Poor infrastructure and double taxation by national and county governments are posing major challenges to Kenya's flower farmers and undermining the industry's growth.
“We have seen the ministry of tourism get tax incentives but the floriculture sector which is second in terms of foreign exchange earner has been forgotten,” Kenya Flower Council chief executive Clement Tulezi said.
He called on the two arms of government to harmonize taxation regimes and challenged the national government to give flower farmers tax incentives for the industry to thrive further.
Data provided by the Agriculture Food Authority show for the year ending December 2017, receipts from flower sales grew Sh11.4 billion or 16.1 per cent to Sh82.2 billion. Cut flowers currently bring in 71.32 per cent of the horticulture revenue which stood at Sh115.32 billion during the review period.
The growth was driven by an increase in export volumes which rose by 26.3 million metric tonnes during the review period to 159.96 million tonnes.
Higher revenue has also been attributed to an increase in demand for flowers in 2017, especially during the valentines day period. This, according to Tulezi will see flower volume exported to the EU market and earnings rise by 20 per cent this financial year.
"This years’ Valentine was the best in the last five years due to the volume of flowers exported.This will be a good year for us" he said.
He also announced the council has embarked on flower promotions campaign with Kenya Airways ahead of the direct flights to the US with a view of accessing the new market.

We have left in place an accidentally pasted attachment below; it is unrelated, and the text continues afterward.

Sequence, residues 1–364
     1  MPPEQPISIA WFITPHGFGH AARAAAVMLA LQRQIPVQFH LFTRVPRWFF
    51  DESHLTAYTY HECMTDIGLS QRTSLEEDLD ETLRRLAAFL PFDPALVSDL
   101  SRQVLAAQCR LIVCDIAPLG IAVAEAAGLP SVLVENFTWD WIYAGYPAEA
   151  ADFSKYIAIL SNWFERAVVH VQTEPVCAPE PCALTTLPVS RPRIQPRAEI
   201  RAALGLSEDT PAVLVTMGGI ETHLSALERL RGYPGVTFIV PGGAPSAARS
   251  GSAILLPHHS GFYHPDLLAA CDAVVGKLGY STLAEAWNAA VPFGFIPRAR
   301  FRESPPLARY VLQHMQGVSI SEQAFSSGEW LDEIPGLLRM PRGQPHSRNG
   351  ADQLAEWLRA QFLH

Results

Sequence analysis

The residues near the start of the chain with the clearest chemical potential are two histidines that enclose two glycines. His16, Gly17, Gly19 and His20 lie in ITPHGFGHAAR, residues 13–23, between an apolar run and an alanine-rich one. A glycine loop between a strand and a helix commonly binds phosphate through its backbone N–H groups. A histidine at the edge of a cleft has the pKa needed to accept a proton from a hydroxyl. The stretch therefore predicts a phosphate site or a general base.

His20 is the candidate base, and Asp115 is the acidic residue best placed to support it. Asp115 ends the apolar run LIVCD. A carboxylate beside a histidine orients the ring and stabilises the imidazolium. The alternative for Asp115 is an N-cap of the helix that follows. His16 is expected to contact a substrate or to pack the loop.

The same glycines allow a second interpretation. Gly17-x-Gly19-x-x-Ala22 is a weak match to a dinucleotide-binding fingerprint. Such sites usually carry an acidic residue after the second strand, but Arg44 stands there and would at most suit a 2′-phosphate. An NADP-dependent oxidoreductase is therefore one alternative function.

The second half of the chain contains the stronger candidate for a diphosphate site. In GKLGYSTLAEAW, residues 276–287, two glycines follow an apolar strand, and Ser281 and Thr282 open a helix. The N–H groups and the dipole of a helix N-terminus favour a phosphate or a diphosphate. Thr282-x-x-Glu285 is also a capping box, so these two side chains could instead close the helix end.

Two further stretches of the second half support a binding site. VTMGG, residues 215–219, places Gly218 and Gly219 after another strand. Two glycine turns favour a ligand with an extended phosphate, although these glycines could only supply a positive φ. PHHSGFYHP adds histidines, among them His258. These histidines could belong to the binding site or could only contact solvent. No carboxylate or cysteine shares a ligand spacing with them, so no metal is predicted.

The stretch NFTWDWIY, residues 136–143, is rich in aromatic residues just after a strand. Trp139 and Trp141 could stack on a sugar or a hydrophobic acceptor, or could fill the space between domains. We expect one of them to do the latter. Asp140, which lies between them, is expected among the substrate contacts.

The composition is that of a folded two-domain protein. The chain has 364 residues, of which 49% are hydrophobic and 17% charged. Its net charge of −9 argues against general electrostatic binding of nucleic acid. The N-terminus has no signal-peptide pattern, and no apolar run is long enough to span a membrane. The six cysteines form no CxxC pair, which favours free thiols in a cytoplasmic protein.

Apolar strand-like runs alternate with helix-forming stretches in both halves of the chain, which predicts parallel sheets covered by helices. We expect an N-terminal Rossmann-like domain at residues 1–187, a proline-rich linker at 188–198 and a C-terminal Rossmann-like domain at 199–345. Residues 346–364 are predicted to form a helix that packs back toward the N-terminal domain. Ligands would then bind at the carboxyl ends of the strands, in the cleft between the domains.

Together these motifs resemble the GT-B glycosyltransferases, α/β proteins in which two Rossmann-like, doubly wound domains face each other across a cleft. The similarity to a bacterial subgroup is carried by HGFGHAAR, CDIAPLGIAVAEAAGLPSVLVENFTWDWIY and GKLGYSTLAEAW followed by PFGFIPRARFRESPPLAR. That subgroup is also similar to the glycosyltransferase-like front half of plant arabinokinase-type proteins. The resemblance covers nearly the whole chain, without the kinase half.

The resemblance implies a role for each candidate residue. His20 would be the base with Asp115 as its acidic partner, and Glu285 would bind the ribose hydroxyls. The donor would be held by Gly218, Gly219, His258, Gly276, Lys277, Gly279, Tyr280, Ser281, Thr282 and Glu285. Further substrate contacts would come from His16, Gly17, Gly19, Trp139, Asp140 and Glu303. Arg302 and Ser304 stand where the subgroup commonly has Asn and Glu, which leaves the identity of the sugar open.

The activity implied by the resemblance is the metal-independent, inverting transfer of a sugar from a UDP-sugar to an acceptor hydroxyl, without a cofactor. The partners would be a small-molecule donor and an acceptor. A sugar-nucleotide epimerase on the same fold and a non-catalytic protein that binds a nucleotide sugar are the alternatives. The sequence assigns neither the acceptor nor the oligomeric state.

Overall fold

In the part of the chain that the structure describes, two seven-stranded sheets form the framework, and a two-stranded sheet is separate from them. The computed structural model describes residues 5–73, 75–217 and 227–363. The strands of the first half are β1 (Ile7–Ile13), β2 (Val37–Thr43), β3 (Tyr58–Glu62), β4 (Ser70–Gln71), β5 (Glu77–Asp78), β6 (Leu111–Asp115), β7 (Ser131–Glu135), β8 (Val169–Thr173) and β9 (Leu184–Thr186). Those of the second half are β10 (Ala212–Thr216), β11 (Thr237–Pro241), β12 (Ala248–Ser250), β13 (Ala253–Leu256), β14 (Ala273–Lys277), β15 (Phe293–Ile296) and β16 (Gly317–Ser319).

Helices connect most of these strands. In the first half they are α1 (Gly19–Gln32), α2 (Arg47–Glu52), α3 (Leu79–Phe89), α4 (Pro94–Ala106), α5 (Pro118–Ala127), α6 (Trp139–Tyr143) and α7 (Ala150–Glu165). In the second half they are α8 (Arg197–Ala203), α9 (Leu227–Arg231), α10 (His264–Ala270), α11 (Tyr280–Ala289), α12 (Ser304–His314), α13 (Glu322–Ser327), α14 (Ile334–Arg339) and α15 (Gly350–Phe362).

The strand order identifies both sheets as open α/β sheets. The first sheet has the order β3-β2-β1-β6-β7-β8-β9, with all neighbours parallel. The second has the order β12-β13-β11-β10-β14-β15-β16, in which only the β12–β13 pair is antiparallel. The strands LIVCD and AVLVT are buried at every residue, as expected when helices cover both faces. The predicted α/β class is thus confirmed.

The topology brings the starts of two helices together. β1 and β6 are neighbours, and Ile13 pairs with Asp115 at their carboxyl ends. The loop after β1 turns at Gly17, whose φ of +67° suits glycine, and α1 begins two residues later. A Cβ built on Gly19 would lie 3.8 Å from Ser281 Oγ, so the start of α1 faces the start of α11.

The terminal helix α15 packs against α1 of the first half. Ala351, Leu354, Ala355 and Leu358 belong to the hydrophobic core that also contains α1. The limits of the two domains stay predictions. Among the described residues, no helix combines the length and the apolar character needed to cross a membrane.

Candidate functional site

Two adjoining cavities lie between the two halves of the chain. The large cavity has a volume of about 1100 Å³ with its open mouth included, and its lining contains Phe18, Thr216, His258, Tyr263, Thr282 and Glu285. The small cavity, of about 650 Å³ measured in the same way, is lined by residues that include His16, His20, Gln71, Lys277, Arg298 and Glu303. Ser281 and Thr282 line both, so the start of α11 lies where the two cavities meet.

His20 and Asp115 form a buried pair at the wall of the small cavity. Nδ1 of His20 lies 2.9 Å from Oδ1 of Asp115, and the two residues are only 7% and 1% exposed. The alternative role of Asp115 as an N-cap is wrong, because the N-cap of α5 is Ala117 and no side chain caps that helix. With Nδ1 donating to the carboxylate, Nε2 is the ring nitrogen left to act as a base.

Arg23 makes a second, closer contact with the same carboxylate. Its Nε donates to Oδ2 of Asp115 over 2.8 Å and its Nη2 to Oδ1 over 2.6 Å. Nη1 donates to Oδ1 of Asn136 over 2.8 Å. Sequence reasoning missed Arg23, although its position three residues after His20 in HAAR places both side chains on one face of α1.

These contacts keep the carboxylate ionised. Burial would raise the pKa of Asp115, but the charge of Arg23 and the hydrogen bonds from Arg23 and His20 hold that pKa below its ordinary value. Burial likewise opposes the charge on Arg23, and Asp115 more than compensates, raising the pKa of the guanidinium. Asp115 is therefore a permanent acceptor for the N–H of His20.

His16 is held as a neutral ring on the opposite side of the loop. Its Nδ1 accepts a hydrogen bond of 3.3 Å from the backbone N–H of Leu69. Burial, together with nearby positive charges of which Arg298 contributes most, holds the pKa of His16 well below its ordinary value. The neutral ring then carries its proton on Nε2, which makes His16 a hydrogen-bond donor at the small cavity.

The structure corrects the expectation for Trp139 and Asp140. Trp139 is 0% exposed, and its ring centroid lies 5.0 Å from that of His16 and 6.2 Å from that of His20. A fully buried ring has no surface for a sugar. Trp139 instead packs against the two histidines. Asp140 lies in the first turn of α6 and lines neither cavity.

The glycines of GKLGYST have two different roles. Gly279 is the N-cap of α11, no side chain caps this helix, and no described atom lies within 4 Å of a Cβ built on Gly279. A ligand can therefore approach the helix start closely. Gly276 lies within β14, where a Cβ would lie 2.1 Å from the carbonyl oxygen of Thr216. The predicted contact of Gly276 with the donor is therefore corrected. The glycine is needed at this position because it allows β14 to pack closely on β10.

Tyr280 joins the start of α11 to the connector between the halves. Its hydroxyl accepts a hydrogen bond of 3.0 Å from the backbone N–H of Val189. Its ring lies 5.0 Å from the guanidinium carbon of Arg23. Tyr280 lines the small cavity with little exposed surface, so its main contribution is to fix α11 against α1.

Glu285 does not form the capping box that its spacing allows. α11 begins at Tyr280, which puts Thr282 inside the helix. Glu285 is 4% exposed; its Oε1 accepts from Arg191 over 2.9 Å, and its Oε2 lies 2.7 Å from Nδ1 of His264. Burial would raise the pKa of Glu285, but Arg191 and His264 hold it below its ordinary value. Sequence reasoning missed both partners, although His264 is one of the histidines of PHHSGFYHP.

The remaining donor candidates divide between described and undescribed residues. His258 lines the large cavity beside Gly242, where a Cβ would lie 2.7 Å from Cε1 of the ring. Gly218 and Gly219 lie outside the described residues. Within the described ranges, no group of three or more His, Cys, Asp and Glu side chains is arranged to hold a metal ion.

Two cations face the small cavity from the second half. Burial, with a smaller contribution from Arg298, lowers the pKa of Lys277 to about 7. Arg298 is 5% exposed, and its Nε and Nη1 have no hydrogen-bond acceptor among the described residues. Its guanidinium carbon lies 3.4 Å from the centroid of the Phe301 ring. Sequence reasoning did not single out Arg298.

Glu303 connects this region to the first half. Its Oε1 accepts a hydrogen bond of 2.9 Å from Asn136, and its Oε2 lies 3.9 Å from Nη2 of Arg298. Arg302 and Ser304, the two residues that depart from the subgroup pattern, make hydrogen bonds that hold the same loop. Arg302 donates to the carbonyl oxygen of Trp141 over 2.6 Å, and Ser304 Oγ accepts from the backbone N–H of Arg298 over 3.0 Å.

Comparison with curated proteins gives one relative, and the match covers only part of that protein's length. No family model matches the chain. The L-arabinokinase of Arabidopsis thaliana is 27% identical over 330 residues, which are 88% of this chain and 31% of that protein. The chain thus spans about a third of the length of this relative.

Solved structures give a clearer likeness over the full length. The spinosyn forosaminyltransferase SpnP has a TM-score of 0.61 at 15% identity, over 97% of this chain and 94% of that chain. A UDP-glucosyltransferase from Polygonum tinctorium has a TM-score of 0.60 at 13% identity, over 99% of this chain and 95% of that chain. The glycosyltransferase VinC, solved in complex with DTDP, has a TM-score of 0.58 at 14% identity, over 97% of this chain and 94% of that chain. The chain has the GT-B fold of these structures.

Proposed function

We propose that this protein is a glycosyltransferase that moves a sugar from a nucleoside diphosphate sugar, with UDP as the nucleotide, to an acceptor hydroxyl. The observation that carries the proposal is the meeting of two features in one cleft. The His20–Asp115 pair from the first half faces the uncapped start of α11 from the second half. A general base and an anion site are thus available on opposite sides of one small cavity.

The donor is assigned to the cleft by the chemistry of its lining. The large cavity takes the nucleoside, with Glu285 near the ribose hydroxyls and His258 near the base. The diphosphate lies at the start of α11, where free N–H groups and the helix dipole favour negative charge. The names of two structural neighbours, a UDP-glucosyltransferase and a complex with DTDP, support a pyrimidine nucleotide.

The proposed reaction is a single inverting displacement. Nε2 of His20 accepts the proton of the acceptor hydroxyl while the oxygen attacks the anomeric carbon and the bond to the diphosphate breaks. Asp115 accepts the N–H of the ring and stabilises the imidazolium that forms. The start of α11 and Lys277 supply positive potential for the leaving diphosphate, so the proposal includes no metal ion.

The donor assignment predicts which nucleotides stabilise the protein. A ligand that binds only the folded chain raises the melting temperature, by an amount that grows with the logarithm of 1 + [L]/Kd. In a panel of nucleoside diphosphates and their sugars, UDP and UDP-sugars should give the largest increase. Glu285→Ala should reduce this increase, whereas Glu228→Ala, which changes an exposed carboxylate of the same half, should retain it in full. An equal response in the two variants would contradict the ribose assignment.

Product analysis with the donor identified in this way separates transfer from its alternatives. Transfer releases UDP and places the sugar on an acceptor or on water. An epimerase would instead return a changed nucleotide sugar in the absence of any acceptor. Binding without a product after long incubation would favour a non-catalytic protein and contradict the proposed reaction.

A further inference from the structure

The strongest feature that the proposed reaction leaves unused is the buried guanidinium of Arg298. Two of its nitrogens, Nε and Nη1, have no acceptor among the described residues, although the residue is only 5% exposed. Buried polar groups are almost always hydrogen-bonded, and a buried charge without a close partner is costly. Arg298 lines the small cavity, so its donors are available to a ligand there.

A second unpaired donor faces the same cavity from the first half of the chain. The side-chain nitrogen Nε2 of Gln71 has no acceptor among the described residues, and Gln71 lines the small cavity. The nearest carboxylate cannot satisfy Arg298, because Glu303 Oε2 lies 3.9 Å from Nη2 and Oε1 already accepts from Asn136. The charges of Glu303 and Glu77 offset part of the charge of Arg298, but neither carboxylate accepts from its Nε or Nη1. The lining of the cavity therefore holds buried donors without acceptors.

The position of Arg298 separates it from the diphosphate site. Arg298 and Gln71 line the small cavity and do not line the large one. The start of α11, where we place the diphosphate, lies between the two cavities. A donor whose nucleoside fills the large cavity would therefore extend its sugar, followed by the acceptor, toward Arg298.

Female flower farmers
Tulezi was addressing the press at Lake Naivasha Country Club in Naivasha during a meeting with HIVOs an organization based in Netherlands that has been fighting for women rights in the farms.
“We have been informed that some farms are still oppressing women and we have to admit that there are few rotten apples in the sector some of whom are not out members,” he said.
HIVOs executive director Edwin Huizing said that they were working in eight countries with a view of addressing harassment and better working conditions for women. Cases of sexual harassment, low wages and marginalization had been reported among some growers in the country.
“We are working with consumers in the EU market to influence them to pay more for flowers so that workers in the floriculture sector can earn more,” he said.